Making corn replant decisions

Encyclopedia Article

Now is the time when corn producers should be out in their fields assessing stands to determine if replanting is necessary. Replant decisions are never easy and are ultimately determined by which decision provides the greatest net income. Each field will have its own set of circumstances that will influence the decision. Remaining stand level and likely replant date will be the key issues.

Recent thunderstorms have wreaked havoc on localized areas across the state. Some brought high winds, heavy rain, and hail. Once again, stand assessment will be important to determine if the damage will be economic. Young corn plants (<V5 stage of development) can tolerate significant leaf damage and loss and yet remain viable and produce new leaves. This is because the growing point remains below the soil surface until approximately the V6 stage. However, flooded areas in fields also may cause stand losses. Small corn plants are not tolerant of flooding and may succumb to this condition in one to three days. Warm, sunny days may accelerate these losses. Soybean shows slightly better tolerance to flooding but still will not tolerate this condition for very long.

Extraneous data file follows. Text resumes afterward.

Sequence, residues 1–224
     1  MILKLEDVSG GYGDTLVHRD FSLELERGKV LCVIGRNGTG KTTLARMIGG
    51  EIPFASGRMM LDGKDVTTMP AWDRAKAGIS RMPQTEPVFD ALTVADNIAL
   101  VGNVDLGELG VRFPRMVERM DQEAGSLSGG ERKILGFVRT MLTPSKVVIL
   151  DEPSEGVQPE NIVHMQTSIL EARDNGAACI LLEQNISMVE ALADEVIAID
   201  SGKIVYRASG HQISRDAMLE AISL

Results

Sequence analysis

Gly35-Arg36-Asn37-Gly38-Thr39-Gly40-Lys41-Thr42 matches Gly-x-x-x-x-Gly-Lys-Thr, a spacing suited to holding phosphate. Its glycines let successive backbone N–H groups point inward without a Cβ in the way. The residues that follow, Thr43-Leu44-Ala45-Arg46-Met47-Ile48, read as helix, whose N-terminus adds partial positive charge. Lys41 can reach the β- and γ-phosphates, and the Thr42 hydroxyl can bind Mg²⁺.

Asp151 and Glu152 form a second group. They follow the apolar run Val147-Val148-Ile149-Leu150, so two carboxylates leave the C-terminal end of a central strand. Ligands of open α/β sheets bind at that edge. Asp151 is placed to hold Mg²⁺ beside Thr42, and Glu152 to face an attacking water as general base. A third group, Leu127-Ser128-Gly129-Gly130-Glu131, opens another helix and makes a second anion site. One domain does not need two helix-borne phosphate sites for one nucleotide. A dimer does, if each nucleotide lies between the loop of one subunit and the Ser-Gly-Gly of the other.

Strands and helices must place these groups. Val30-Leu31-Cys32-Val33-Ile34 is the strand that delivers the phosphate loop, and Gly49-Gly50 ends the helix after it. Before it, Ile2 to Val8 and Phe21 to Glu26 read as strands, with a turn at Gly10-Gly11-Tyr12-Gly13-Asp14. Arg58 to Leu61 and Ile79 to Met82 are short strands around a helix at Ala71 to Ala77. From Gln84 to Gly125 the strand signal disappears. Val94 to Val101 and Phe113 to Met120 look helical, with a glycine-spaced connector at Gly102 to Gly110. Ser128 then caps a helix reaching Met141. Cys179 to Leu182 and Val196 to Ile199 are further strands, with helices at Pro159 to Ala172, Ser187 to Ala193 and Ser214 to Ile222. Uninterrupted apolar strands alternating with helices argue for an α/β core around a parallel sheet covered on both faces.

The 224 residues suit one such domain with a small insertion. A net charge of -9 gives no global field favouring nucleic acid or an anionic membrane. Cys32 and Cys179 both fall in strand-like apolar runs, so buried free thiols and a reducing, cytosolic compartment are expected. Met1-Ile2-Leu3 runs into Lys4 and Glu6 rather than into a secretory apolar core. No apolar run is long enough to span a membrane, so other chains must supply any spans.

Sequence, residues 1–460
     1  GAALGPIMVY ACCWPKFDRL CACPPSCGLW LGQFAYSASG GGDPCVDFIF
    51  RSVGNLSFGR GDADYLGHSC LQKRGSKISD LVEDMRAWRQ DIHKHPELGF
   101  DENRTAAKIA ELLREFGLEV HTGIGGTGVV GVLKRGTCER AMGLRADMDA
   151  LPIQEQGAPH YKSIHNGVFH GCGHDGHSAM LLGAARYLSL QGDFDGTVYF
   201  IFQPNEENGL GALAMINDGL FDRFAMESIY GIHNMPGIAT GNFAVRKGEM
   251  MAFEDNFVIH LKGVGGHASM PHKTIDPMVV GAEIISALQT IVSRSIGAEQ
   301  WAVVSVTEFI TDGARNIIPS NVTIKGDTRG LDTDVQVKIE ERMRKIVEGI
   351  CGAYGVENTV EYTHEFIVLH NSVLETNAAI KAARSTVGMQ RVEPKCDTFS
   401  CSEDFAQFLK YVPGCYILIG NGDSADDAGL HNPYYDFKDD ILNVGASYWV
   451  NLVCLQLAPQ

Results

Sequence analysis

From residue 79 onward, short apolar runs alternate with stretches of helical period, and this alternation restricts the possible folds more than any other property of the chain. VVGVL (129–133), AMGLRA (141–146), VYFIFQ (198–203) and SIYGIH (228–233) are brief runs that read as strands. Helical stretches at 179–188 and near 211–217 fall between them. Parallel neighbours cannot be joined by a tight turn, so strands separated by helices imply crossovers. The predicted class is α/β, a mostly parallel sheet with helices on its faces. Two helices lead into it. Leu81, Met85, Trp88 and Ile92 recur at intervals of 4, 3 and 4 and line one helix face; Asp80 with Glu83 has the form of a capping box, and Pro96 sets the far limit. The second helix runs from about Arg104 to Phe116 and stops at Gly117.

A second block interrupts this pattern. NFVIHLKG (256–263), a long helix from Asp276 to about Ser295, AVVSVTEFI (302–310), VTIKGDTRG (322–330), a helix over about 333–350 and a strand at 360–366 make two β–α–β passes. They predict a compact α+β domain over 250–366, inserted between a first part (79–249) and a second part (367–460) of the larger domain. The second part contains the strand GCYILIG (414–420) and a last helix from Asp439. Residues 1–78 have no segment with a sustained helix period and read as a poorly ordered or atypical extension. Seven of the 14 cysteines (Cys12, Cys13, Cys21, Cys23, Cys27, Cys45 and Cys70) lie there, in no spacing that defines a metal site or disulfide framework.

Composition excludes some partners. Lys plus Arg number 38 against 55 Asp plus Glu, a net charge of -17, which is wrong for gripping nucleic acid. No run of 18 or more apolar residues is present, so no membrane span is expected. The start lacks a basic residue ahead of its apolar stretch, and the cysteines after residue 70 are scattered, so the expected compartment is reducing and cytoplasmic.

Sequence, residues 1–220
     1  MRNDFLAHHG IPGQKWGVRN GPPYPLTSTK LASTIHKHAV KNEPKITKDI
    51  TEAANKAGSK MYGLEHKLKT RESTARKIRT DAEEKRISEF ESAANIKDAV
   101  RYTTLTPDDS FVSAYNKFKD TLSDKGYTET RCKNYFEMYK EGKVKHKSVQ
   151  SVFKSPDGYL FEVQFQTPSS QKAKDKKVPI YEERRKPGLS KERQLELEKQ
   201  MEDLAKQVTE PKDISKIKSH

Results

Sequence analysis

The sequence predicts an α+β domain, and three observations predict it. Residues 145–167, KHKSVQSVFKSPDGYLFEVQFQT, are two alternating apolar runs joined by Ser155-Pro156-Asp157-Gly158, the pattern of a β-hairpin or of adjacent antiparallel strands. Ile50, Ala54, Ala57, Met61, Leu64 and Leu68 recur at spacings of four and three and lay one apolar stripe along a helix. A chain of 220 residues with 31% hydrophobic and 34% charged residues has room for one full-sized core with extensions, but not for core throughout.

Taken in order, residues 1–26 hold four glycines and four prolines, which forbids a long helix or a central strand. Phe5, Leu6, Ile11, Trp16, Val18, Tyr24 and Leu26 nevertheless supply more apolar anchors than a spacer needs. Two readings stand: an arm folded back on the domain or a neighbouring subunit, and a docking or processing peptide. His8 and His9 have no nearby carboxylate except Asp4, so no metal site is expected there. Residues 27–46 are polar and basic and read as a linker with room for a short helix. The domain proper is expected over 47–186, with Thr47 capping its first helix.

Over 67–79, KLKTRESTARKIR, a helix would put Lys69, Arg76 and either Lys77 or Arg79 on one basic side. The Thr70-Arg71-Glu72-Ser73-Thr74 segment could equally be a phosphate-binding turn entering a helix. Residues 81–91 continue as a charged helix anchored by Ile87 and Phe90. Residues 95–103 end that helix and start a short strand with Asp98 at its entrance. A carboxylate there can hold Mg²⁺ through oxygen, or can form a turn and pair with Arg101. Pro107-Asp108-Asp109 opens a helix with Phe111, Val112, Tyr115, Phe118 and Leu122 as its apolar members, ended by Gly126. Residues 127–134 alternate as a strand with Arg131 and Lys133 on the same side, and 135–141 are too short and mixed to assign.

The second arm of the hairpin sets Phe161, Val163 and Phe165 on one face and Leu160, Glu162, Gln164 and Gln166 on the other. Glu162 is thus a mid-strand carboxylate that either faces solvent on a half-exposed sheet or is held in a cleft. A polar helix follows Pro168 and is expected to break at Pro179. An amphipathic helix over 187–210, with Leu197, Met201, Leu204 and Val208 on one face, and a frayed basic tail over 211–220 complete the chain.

Attempts to "thicken" stands by interseeding directly into an existing stand generally result in additional complications. Larger plants compete strongly for space, water, and nutrients and complicate subsequent management decisions. Thus, it is always recommended that if a replant is warranted, destroy the original stand and start over. If the original stand is adequate, leave it alone and be willing to accept it as is.

Another major consideration that goes hand-in-hand with making a replant decision is whether or not a hybrid change is needed or perhaps a change to an alternate crop such as soybean. Switching to an earlier maturing hybrid can be done at any time if so desired. Hybrid and planting date studies, however, show an advantage to switching to a hybrid that is roughly five days earlier in maturity if planting is delayed beyond May 20 and another five days earlier if delayed beyond June 1. Switching to soybean generally will not be an economical choice unless planting is delayed beyond June 10.

Corn yield at various planting dates and stand levels, expressed as a percentage of the optimum stand and date.

  Planting date
Established stand* April 20-May 5 May 20 June 1 June 10
  (% yield)
26,000 to 30,000 100 90 81 67
22,000 96 86 78 64
18,000 91 82 74 61
14,000 80 72 65 54
10,000 65 59 53 44

*Assumes reasonably uniform stands.

This article originally appeared on page 91 of the IC-480(12) -- June 1, 1998 issue.

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